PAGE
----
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The Choices We Make That Determine Our Path with Dr. Robert Gabbay

Podcast, by Jen Barna MD, Physician Coaching

Tune in to hear more about Dr. Robert Gabbay’s journey in medicine and how he balances it all. Dr. Gabbay also talks about the importance that mentors have had in his life and how they helped to shape him. 

“For me, the beauty of diabetes was that it was the anchor but it allowed me to explore so many different areas of research and interest.” -Robert A. Gabbay, MD, PhD

In episode 158 of the podcast, we welcome Dr. Robert Gabbay. Dr. Gabbay is Chief Scientific and Medical Officer of the American Diabetes Association and Associate Professor at Harvard Medical School. DocWorking Founder and CEO, Dr. Jen Barna talks with Dr. Gabbay about how it all started for him, his journey in medicine, how he balances it all and what advice he was given and what advice he would give to his younger self. He speaks about difficult decisions he made that affected the direction of his career. Dr. Gabbay also talks about the importance that mentors have had in his life and how they helped to shape him. 

Robert A. Gabbay, MD, PhD is Chief Scientific and Medical Officer of the American Diabetes Association and Associate Professor at Harvard Medical School. His research focuses on innovative models of diabetes care to improve diabetes outcomes and the lives of people with diabetes. Throughout his vibrant career he has had many accomplishments as a basic science researcher, developer of patient communication tools, creator of the first broad scale diabetes registry, designer of care management training programs, and leader of one of the largest primary care transformation efforts in the US around the Patient Centered Medical Home. The reach of his work has been recognized through leadership roles around the world to transform diabetes care including leading the International Diabetes Federation BRIDGES program that implements evidence based translational research to low resource global settings. Dr. Gabbay has received funding from the National Institute of Health Diabetes, Digestive and Kidneys Diseases (NIDDK), the Agency for Healthcare Research and Quality (AHRQ), and the Center for Medicare and Medicaid Innovation for his care transformation work. Along with an extensive peer reviewed publication record, his views have appeared in popular press such as the New York Times, CNN, the Washington Post, People, Oprah, and National Public Radio. Formerly, he held the role of Chief Medical Officer at Joslin Diabetes Center.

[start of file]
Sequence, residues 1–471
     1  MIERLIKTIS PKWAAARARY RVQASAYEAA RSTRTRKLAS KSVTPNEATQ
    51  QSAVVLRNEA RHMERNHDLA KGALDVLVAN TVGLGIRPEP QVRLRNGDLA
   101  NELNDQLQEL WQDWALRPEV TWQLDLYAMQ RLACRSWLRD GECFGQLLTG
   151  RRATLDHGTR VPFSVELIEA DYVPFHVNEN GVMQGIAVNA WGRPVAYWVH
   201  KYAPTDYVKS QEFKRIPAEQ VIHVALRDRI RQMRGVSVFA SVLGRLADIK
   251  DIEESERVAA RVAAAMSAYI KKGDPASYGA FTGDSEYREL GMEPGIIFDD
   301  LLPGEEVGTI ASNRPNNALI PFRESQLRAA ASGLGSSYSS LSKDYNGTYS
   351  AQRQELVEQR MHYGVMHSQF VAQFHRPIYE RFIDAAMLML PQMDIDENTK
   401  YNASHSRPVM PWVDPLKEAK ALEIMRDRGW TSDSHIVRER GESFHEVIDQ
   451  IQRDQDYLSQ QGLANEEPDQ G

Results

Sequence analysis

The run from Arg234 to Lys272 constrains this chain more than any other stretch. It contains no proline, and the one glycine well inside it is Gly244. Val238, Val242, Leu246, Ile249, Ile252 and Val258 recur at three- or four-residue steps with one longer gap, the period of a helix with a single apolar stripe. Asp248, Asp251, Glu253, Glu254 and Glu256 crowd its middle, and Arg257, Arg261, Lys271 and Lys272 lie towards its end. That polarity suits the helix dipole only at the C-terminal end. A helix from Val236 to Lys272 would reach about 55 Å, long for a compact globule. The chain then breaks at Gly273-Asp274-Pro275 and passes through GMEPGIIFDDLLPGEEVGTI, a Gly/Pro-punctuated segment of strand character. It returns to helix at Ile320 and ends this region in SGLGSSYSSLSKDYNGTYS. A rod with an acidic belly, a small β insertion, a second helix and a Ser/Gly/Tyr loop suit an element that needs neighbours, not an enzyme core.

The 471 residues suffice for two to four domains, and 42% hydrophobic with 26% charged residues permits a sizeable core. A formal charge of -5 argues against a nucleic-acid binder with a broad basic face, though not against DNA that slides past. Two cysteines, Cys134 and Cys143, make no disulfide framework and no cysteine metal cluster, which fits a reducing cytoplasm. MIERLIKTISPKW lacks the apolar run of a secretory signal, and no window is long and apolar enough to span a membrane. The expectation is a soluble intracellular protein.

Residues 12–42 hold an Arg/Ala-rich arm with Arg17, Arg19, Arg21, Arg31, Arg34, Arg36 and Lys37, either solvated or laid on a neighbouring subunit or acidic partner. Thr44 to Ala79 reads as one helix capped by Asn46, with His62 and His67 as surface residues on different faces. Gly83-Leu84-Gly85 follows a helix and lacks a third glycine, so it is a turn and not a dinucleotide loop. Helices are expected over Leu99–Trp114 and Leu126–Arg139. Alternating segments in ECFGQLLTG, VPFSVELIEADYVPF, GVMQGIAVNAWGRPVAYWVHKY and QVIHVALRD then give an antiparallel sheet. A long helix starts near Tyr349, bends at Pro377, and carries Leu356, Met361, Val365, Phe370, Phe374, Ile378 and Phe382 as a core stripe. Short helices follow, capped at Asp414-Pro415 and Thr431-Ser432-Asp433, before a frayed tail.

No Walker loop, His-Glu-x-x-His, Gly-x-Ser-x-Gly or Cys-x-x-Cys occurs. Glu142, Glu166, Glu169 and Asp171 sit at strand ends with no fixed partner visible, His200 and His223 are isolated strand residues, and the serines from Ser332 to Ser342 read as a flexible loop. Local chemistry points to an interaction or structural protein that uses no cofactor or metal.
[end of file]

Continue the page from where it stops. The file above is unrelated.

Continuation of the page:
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Podcast produced by: Amanda Taran

Please enjoy the full transcript below

Dr. Robert: For me, the beauty of diabetes was that it was the anchor, but it allowed me to explore so many different areas of research and interest.

 

[DocWorking theme]

 

Jen: Welcome to DocWorking: The Whole Physician Podcast. I’m Dr. Jen Barna and I’m excited to have you here with me today. Thank you for joining me for this conversation with Dr. Robert Gabbay. Dr. Robert Gabbay is Chief Scientific and Medical Officer of the American Diabetes Association and Associate Professor at Harvard Medical School. His research focuses on innovative models of diabetes care to improve diabetes outcomes and the lives of people with diabetes. His vibrant career includes many accomplishments and you can see those in our show notes. I’m very thrilled to have Dr. Gabbay here to discuss with me his personal journey, a little bit about his life, and some insights that he shares with us about physician wellness, and how to integrate work and life. So, Dr. Robert Gabbay, welcome to DocWorking: The Whole Physician Podcast.